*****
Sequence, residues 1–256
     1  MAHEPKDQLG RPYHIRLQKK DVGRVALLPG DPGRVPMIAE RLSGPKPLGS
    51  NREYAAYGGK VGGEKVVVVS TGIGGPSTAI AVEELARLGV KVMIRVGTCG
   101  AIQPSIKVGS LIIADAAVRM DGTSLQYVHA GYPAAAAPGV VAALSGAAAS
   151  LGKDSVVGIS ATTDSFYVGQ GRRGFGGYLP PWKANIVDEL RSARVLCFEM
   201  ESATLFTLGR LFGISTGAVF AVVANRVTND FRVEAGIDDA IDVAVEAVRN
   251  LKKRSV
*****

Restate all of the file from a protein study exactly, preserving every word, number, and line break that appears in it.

Sequence, residues 1–256
     1  MAHEPKDQLG RPYHIRLQKK DVGRVALLPG DPGRVPMIAE RLSGPKPLGS
    51  NREYAAYGGK VGGEKVVVVS TGIGGPSTAI AVEELARLGV KVMIRVGTCG
   101  AIQPSIKVGS LIIADAAVRM DGTSLQYVHA GYPAAAAPGV VAALSGAAAS
   151  LGKDSVVGIS ATTDSFYVGQ GRRGFGGYLP PWKANIVDEL RSARVLCFEM
   201  ESATLFTLGR LFGISTGAVF AVVANRVTND FRVEAGIDDA IDVAVEAVRN
   251  LKKRSV